Fister’s Unexpected Great Season

With their backs against the wall, the New York Yankees clobbered the baseball around the diamond for a 10-1 victory and tied up the ALDS with the Detroit Tigers at two games apiece.

The two teams will now head back east to New York for a decisive Game 5. New York will trot out young Ivan Nova, while Detroit counters with right-hander Doug Fister. It will be a rematch of Game 1, in which Fister surrendered six earned runs in 4.2 innings and, ultimately, took the loss. Given that Fister’s dominating second half with the Tigers was so surprising, it’s natural to think that perhaps he was exposed by having to face a good line-up, and that the Tigers are in trouble asking him to try and get the Yankees out again.

After all, it’s become fashionable to point out that Fister didn’t exactly have the hardest road after Detroit picked him up from Seattle in July. This criticism is based in fact – his opponents in August and September, chronologically:

Texas, Cleveland, Baltimore, Cleveland, Tampa Bay, Kansas City, Cleveland, Minnesota, Oakland, Kansas City, Cleveland

Murderer’s row, that is not. And, if you’re looking for an explanation of how a good-but-not-great starter pitched like the Roy Halladay for two months, strength of opponents is a pretty good disclaimer. However, it’s not like Fister was chump change before the trade to Detroit, and it’s not like he’s never faced a good line-up before.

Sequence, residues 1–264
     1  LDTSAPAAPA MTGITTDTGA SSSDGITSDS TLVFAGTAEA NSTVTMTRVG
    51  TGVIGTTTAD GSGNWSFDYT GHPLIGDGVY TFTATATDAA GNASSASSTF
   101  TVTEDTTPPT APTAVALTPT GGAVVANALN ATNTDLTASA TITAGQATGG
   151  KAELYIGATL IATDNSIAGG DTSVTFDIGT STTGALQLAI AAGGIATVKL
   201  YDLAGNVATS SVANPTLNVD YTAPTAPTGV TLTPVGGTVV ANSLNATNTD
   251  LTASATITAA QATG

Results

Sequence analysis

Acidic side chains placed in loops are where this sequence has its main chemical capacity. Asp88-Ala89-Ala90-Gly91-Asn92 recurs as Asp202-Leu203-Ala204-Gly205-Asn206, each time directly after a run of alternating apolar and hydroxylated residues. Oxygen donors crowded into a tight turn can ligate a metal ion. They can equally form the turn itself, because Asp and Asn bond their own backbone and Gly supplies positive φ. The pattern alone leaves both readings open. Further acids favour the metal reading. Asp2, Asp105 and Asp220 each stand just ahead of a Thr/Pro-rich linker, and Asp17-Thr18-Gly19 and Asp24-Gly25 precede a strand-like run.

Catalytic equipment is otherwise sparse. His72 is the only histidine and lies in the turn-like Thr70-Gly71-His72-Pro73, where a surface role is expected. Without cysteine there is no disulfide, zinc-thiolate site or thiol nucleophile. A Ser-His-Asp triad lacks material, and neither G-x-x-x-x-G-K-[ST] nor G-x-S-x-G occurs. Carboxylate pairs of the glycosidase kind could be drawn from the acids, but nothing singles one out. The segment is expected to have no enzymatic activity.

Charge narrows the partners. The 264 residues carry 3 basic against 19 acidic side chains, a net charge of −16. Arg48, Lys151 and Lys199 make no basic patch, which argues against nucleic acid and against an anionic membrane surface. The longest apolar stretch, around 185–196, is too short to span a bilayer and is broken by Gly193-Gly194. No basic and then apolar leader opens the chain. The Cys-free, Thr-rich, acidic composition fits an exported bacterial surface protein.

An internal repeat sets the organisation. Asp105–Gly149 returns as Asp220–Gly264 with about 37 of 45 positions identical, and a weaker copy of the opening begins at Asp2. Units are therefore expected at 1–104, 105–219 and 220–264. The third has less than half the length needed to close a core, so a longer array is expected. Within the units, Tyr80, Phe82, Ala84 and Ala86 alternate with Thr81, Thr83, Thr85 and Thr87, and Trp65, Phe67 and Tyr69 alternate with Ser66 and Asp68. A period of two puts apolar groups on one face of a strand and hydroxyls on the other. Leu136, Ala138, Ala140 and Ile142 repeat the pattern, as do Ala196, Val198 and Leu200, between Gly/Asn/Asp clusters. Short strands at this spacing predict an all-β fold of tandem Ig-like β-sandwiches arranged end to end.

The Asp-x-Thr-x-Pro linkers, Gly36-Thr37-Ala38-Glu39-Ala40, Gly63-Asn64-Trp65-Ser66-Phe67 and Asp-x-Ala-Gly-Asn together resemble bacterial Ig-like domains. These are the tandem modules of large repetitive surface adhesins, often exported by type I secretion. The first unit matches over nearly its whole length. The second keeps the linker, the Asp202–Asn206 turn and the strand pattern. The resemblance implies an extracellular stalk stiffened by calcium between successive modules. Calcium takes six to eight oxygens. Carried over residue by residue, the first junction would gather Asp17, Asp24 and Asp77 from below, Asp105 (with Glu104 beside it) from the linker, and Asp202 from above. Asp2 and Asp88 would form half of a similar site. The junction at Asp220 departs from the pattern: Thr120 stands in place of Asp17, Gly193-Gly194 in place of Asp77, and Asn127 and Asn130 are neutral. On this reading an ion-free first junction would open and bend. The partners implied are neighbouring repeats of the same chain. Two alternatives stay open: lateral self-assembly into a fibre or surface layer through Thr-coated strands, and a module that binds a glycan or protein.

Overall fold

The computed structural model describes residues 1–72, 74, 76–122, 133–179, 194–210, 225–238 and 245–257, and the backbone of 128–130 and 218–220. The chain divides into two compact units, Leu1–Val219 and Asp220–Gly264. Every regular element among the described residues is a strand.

In fact, his last start as a Mariner was against these very same Yankees on July 26th. He went 7 innings, allowed 7 hits, 3 runs, walked 1, and struck out 5. He held opposing Yankee hitters to a .259/.286/.370 mark in that start. He also made two starts against the Rangers this year, and they managed to hit just .250/.262/.339 against him this year.

If we expand our search back to 2010, we find that Fister didn’t face the Yankees last year, but he did draw three starts against the Red Sox, who essentially tied NY for the best offense in baseball a year ago. His 4.34 ERA against them might not seem that hot, but in reality, he held a terrific Boston offense to a .253/.282/.360 mark, and it wasn’t just luck – he walked just three batters in those three starts and racked up 12 strikeouts.

It’s no doubt true that Fister dominated some weak line-ups in the second half of the season, but he’s also done good work against good offenses in the past several years, and we can’t ignore the very real improvements he has made this season. Even with a regression in his HR/FB rate, his 3.61 xFIP on the season puts him squarely between Josh Beckett and Jon Lester on the leaderboard, and I don’t think too many people would be suggesting the Tigers were in trouble if they had either of them on the mound for Game 5.

The Yankees have a good offense, but Doug Fister is a good pitcher, and he’ll give the Tigers a legitimate chance at winning tomorrow night. Don’t let preconceived notions about a guy with a 90 MPH fastball and skepticism about his second half opponents distract you from the fact that Fister has been getting good Major League hitters out for years.

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J.P. Breen is a graduate student at the University of Chicago. For analysis on the Brewers and fantasy baseball, you can follow him on Twitter (@JP_Breen).

15 Responses to “Fister’s Unexpected Great Season”

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  1. MonteroSmash says:

    You mean tomorrow night?

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  2. Josh says: